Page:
books-and-hatThis information provides a broad overview of Credit Flexibility, but please refer to the Worthington Schools Credit Flexibility Plan for complete information and program details.

As you are aware, students must earn credits in order to graduate from high school. Typically, students sit through a semester of classwork taught by a teacher and earn ½ a credit when they pass the class. This traditional format can be called “seat time” credit. The simplest way to understand credit flexibility is that it is any other way a student earns high school credit other than the traditional seat time credit option. So, for example, a student can develop an independent study project for credit, a student can demonstrate proficiency of course material by completing an end of course test, project, or combination of test and project, or a student can elect to complete a course through some other program such as online or through a correspondence course.

Educational Options is the first category for credit flexibility. This would be any student designed project or program to earn credit in some area of interest. Independent study programs would be an example of an educational option under credit flexibility. For this category, it is not necessary for a course to already exist in the student’s area of interest. So, if a student has a particular passion and can demonstrate how he/ she will study and develop this area of learning and how it will meet various learning targets, then it could be possible for the student to earn high school credit for this area of study.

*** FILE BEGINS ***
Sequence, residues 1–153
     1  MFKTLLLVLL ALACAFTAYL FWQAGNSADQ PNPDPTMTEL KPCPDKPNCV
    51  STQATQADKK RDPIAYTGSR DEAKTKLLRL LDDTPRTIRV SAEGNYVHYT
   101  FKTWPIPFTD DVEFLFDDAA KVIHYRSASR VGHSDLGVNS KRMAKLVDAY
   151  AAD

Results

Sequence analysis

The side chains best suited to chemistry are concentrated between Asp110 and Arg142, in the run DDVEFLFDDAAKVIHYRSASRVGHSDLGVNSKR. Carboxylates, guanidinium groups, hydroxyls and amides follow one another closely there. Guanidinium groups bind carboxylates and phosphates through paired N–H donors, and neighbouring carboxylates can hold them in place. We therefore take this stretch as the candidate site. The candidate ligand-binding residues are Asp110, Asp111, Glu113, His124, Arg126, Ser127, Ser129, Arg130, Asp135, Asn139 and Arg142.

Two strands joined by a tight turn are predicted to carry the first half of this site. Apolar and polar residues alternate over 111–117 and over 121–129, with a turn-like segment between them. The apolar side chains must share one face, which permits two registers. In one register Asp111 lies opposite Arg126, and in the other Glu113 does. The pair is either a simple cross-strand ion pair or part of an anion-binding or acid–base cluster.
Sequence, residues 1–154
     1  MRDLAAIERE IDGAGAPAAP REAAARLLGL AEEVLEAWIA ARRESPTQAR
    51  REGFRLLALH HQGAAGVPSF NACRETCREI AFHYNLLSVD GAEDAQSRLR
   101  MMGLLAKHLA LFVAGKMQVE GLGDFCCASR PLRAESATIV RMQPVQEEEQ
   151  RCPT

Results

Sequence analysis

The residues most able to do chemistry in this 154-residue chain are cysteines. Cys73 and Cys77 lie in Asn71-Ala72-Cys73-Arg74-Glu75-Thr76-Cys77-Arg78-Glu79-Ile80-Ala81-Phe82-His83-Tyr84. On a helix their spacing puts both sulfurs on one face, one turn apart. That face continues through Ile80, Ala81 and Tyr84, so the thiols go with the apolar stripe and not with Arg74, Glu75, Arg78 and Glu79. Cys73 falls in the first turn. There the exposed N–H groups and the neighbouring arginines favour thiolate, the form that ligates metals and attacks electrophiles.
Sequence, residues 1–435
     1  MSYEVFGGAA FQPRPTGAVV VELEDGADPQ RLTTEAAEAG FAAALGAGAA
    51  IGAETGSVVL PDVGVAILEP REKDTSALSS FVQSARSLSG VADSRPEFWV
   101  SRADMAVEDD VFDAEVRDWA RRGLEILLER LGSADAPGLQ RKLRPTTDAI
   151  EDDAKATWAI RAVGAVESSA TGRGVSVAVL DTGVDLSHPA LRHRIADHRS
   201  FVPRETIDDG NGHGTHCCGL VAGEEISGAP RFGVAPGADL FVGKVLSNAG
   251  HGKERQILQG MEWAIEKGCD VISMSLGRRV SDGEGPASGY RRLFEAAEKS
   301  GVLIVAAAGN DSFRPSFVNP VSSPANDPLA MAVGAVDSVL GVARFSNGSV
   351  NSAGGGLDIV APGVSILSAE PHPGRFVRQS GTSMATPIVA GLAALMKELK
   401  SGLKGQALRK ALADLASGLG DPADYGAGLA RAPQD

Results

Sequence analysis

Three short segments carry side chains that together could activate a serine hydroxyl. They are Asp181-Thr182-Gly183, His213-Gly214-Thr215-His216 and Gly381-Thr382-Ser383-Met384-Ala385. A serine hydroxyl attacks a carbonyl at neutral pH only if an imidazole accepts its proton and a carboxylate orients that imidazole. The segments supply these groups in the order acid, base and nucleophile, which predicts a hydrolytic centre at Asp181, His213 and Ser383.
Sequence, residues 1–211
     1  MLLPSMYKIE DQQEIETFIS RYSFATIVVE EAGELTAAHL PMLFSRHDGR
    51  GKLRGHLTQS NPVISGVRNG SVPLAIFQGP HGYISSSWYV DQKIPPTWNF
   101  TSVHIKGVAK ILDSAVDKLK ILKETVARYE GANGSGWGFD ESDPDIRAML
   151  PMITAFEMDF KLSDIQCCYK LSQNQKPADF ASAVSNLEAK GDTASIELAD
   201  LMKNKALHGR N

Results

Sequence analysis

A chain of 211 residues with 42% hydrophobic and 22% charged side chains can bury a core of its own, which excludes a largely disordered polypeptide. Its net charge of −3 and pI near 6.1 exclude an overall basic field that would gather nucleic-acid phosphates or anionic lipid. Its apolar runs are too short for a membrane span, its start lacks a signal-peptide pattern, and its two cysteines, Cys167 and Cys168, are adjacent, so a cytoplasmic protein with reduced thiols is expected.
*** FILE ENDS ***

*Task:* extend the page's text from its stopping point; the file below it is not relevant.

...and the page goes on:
Demonstration of Proficiency is the second category for credit flexibility. This allows students to declare that they are already proficient in the course content and objectives and that they will demonstrate that proficiency. Each course has been identified for its category of demonstration of proficiency and will be assessed through a one time test, through a test plus some type of performance or through performance alone. For example, a math course likely falls in the test only category. So, a student who wants to demonstrate that he/she is proficient in Algebra 2, for example, would complete a credit flex application indicating that he/ she would be demonstrating proficiency in Algebra 2. An example of a course that is test plus performance might be a Chemistry class where the student would complete the test for the course, but also have to demonstrate that he/ she had knowledge of how to complete some lab elements fundamental to the course curriculum. A performance only option might be a theater course where the student would perform in various plays and programs and earn his/ her credit in that manner.  Students must complete and submit the credit flex application indicating their intent to demonstrate proficiency and the tests will then be administered during exams at the end of the first and second semester as well as in August prior to the start of the school year.  Students must indicate on their application when they intend to complete their test (plus any performance components) and then whatever grade is earned will be reflected on the student's transcript.  Applications for demonstration of proficiency must be submitted before the end of the school year for testing in August, by the third week of November for testing in December, and by the week after Spring Break for testing in May. 

The final credit flexibility category is “other.” This category includes all of the other aspects of earning credit that do not fall into one of the first two major categories. Courses that are designed, developed and accredited, but provided by a source outside of the traditional Worthington Schools option would be in the other category. This includes courses that are completed through Post-Secondary Enrollment Options, online courses, and correspondence courses.

If students are interested in completing a course through Credit Flexibility, they must complete an application and have it approved before work on the course can begin.